Tacit Sonar Improves the Spatial Perception of Blind People
It is a bit of a surprise that no one thought until now to design a device that uses a similar principle to the one employed by bats to move around. Tacit represents a sonar that may revolutionize the way blind people interact with the surrounding environment.
Tacit, as the Hand-Mounted Haptic Feedback Sonar Obstacle Avoidance Asstance Device is nicknamed, is a device designed by Steve Hoefer of Grathio Labs. Currently the device is in the concept stage and only a prototype has been built. It is attached to the hand by using a loop and a Velcro system. The 4 tubes featured in front of the device send and receive ultrasounds that are transmitted to the Arduino micro-controller. The entire assemble is powered by a 9 volt battery.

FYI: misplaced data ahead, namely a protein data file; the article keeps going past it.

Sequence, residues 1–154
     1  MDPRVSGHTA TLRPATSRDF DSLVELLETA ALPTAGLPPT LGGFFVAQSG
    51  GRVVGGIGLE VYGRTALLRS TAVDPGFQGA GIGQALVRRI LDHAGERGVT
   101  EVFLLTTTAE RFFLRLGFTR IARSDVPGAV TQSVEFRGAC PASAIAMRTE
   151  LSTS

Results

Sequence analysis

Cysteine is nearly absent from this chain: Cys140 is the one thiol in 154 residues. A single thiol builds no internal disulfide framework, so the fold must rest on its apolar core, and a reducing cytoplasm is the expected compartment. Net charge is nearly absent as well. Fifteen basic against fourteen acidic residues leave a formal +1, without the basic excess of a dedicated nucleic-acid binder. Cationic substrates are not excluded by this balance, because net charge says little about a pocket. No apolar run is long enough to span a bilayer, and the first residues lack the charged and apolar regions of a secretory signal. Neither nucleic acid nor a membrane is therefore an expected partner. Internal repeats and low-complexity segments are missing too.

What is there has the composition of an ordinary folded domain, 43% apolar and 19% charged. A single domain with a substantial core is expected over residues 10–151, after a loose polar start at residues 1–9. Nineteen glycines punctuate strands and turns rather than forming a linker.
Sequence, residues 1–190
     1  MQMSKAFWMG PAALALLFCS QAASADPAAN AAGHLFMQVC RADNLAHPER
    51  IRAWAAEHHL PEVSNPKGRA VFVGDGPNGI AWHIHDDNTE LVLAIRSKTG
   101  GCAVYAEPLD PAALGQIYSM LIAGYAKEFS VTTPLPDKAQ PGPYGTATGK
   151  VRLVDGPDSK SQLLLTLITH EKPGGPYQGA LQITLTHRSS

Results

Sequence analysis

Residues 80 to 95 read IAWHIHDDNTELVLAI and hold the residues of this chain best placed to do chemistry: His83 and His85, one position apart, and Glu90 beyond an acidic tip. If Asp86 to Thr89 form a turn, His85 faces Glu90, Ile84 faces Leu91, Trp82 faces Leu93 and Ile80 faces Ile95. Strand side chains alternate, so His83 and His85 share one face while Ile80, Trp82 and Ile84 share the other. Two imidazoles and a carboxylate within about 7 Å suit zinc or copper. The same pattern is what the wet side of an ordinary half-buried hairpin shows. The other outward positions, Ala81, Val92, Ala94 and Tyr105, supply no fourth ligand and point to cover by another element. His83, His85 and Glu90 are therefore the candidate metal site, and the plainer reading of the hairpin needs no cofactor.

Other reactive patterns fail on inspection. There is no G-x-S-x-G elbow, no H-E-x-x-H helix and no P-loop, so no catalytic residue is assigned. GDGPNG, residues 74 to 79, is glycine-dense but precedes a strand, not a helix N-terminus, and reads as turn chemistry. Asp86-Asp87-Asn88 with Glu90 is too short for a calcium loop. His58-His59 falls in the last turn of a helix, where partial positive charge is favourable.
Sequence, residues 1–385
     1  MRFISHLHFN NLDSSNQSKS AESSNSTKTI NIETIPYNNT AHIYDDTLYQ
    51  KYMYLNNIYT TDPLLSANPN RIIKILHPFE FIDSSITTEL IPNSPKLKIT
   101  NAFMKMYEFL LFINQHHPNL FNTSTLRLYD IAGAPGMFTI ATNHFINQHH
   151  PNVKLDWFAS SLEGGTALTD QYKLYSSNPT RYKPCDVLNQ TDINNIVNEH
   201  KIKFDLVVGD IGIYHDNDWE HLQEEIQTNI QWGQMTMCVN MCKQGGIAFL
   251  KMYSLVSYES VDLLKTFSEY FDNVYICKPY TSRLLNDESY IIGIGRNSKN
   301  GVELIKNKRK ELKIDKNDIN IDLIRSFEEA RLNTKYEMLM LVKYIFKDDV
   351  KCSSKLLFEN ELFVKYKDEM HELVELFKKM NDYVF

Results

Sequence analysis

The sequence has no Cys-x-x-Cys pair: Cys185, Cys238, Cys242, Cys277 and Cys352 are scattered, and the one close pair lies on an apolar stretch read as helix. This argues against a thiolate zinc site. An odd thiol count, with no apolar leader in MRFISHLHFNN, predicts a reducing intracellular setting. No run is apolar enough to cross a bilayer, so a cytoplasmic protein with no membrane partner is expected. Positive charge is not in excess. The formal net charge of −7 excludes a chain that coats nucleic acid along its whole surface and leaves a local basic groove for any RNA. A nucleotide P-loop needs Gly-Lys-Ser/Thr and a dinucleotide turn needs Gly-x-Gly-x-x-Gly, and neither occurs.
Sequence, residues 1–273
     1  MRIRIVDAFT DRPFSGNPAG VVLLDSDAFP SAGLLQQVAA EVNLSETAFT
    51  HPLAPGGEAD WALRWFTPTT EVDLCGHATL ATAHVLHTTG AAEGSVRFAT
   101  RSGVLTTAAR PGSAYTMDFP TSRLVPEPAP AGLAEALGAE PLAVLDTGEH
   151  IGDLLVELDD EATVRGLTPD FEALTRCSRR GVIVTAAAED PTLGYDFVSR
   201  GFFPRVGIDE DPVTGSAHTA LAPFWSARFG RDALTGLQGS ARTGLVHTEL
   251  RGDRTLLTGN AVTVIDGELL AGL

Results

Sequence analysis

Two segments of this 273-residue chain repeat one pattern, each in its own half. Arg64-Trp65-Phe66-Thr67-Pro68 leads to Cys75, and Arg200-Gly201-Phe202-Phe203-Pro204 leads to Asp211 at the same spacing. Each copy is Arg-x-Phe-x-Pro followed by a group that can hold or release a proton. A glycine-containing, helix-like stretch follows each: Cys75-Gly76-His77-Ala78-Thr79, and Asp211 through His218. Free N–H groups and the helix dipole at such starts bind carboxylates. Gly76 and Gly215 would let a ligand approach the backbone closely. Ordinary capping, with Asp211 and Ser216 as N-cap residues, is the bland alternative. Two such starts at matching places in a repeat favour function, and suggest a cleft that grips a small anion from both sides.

Depending on how far objects are from the device, the user gets tactile feedback on his hand at a certain frequency. More precisely, when the objects are further away from the hand, the tactile feedback has a low frequency. On the contrary, this frequency increases as the distance decreases. As the response time of the device is very low, blind persons can quickly estimate the distance to the objects.
The need for such a product appeared as most of the obstacles are placed below waist level. Of course, Tacit could not be used on streets or in open fields, but at home, it could save blind people a lot of time. With Tacit, it is possible to detect objects that are placed at a distance ranging between 2 cm and 3.5 meters from the hand.
Since it is designed as a gauntlet, Tacit will not interfere with any objects. This designed was preferred by Steve Hoefer despite the fact that the palm features more neural terminations than the back of the hand. When using this gauntlet, blind persons are still able to grip things such as cups. The designer admits that there is room for improvement, and since this a prototype, we can do nothing else but believe him.